African Football

Africa Nations Championship 2018: A Review

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The curtain came down on the Africa Nations Championship (CHAN) at the Stade Mohamed V, Casablanca when Morocco dueled Nigeria to decide the champion team of Africa’s second biggest football tournament.

What will remain in the memory of many soccer fanatics, on the continent, is the drama of the knockout games that unfolded: the goals, the saves, the misses of the tournament that produced a fairy tale or heart wrenching story on the field.

Indeed, that is where the human narrative of heroes and villains is written, and on that score, Morocco 2018 will probably fare pretty well.

After 90 minutes of action, the Lions of Atlas had secured their first CHAN title by a 4-0 margin to become the first host to triumph.

Team of the tournament

It would be churlish not to praise the winner, Morocco, as not many gave Coach Jamal Sellami’s team a chance especially considering that Sellami’s team was unconvincing in the build up to the tournament and several  top players like Achraf Bencharki and Jawad El Yamiq missed the last three important matches.

Sudan deserve a mention too – their progress from the group stage was exhilarating and played out to remarkable levels of volume, and not even their fortunate win over Zambia could completely silence the feel-good story. An unusually technical, mobile team of overachievers were fascinating to watch but at last lost to Nigeria in the semis.

Player of the tournament

Morocco’s Ayub El Kaabi won the official award and probably deserved it overall. He was the best attacking player on display in the final. The Racing Athletic Club of Casablanca forward whose languishing in the Moroccan league seems a thing of the imagination,was the top scorer of the tournament.

El Kaabi displayed pure talent throughout the entire tournament scoring 9 goals in 6 matches, making him the top goal scorer in the entire history of the competition.

Honourable mentions here go to Gabriel Okechukwu, the Akwa United and Nigeria forward, and the Sudan goalkeeper Akram El Hadi whose heroics saw the East Africans scale to grab a bronze.

Goal of the tournament

Video:Augustine Mulenga’s goal

Zambia’s Augustine Mulenga’s second goal against Ivory Coast is the clear winner. The Orlando Pirates latest signing skipped past three challenges in the penalty area before sending a low shot into the bottom corner in a Group B clash.

Other honourable mentions go to Ayoub el Kaabi,Milton Karisa whose backpost tap against the Libyans was a delightful study in technique – and two of an entertaining Ugandan side.

Match of the tournament

Despite a sometimes tedious group stage there ended up being a few contenders. Nigeria and Libya match was rollicking good fun in the last minutes. Libya appears to be seeing it out to a conclusion as goalless draw was enough for them. Sunday Felaye scored the winner from an Osas Okoro corner after landing his feet on the ball for a thunderous shot.

Quarter finals were uniformly fun but the Sudan shocking win against Zambia was the surprise game of the tournament too. Many predicted Chipolopolo to thrash the East African and have a date in the semis with Morocco but Sudan secured victory through John Mwengani goal.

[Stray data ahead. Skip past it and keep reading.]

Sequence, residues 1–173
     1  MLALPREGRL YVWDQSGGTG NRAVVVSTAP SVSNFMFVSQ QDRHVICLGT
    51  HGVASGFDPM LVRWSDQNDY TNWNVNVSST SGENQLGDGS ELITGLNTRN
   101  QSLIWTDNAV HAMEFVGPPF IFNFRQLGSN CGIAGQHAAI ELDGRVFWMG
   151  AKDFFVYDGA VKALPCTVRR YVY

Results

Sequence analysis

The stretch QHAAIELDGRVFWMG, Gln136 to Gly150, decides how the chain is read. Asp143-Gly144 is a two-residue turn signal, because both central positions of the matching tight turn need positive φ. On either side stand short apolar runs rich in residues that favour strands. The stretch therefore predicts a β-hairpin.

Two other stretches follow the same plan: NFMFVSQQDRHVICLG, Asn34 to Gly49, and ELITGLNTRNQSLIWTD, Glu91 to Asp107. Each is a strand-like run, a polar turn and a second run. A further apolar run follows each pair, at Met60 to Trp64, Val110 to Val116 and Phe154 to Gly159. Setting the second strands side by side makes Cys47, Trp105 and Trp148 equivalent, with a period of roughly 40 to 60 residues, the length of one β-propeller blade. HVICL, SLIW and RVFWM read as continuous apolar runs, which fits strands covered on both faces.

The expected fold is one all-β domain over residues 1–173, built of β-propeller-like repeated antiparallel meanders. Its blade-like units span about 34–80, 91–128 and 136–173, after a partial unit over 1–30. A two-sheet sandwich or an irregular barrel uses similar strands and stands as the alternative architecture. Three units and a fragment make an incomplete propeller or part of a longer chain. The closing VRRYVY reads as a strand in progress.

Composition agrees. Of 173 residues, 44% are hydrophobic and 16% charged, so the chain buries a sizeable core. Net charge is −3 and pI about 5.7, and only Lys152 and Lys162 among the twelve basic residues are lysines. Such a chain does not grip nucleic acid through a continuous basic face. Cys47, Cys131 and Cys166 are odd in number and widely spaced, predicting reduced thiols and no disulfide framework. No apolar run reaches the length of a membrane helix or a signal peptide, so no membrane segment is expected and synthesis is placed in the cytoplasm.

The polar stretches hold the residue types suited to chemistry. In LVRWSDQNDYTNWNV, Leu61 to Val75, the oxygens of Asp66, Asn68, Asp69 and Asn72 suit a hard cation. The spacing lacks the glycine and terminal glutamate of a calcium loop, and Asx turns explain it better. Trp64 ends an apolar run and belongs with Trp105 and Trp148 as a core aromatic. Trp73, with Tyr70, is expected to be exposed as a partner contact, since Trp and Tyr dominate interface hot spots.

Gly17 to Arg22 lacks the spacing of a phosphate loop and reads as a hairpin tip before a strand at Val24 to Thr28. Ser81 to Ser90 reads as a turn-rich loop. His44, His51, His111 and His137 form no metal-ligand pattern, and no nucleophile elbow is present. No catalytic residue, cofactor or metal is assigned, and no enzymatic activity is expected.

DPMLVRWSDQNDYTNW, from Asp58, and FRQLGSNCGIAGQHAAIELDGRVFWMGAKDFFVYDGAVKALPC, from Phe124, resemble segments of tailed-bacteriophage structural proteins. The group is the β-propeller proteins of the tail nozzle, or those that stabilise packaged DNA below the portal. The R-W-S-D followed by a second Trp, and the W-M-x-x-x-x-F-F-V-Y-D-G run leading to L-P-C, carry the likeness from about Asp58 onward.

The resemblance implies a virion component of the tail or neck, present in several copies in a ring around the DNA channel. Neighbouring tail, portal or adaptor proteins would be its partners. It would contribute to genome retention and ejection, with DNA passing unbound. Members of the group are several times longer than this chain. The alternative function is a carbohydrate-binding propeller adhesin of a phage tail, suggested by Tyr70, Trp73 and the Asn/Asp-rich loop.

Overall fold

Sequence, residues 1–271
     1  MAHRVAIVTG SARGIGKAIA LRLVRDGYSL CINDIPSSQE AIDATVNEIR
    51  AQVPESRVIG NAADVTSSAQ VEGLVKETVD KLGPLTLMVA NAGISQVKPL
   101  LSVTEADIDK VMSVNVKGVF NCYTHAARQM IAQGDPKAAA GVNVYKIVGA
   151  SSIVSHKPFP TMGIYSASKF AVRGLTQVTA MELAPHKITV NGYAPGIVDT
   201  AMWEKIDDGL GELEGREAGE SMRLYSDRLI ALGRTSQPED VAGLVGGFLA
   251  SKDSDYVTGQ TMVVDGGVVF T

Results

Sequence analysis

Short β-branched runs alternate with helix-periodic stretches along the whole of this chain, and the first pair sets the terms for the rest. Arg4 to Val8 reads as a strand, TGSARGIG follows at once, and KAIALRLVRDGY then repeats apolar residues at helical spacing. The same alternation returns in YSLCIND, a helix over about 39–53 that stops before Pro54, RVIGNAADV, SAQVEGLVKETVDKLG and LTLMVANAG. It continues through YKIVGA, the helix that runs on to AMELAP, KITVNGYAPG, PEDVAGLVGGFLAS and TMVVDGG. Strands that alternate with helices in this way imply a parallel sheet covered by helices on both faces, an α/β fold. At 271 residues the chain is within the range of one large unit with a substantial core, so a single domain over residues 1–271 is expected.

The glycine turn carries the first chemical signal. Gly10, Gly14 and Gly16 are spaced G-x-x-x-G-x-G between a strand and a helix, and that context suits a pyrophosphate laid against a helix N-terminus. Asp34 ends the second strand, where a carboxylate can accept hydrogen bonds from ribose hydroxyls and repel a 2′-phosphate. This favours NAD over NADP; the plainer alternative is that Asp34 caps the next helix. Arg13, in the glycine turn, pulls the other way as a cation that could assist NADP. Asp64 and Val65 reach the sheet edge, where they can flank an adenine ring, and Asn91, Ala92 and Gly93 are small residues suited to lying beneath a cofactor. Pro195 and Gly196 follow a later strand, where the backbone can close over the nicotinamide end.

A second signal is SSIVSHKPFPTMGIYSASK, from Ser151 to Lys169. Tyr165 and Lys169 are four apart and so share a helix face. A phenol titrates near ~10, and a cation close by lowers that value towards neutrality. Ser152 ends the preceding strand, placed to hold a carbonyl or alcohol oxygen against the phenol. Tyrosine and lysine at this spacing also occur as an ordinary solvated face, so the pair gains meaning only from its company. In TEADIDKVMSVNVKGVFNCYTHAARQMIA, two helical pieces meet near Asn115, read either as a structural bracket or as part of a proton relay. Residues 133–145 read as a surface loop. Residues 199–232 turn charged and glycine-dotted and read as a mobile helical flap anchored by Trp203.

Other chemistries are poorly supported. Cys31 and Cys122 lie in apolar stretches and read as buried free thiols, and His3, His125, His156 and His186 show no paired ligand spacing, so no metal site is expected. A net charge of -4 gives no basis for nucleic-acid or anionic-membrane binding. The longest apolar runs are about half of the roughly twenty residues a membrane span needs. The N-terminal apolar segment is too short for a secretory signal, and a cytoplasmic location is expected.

Revelation of the tournament

Ayoub El Kaabi: Few outside the north African kingdom had heard of the 24-year-old striker before the mid January kick-off of the biennial tournament restricted to footballers playing in their country of birth.

Photo:Ayoub El Kaabi

Now, most African football followers from Cairo to Cape Town know El Kaabi, the 1.82-metre goalmouth predator who has scored a record nine goals in a single edition of the CHAN.

Despite starting only two of three group games, the Moroccan equaled the five-goal benchmark set by Zambian Given Singuluma in the Ivory Coast nine years ago and it would be interesting to see how he would fare higher up the football food chain.

No more minnows

The 16 competitors approached the tournament in different ways, with some of the bigger nations boasting selections of players hopeful to break into the full side, while some of Africa’s ‘lesser’ nations field almost their strongest available team.

Photo:Sudan national team that took bronze medal

Countries like Sudan, Congo and Rwanda proved that indeed there are no more minnows in African football .Sudan were particularly inspiring with their style of play and stunned the whole of watching Africa with an amazing run and proved that ousting Zambia in the quarters was no fluke.

LOC and Organization

Looking at the organization proper of the tournament, Morocco can be given a pass mark for a job well done especially considering the fact they only had two months to prepare for the competition.

The Confederation of Africa Football (CAF) had to make a quick decision to take the hosting rights off Kenya. Even though snowing affected some of the team like Uganda, the event was colorful and showcased the best that African local leagues have.

Morocco committee also took a chance for the tournament success and launched a bid for organization of the World Cup, for the 2026 edition.

Venue of the tournament

The Mohammed V Stadium takes the crown, with a capacity of 67,000 seats. It has already been named as a host for Morocco’s candidacy to organize the 2022 World Cup.

It is comfortably the biggest stadium here, was probably the best in which to watch football – achieving the rare balance of being both modern and able to hold highest number of spectators.

About Festus Chuma

A lover of African football who boasts experience in journalism, having previously worked at Brand Agenda Publications, East Africa University News and University Post in Uganda before moving to Soka25east.com. On Twitter @fgchuma

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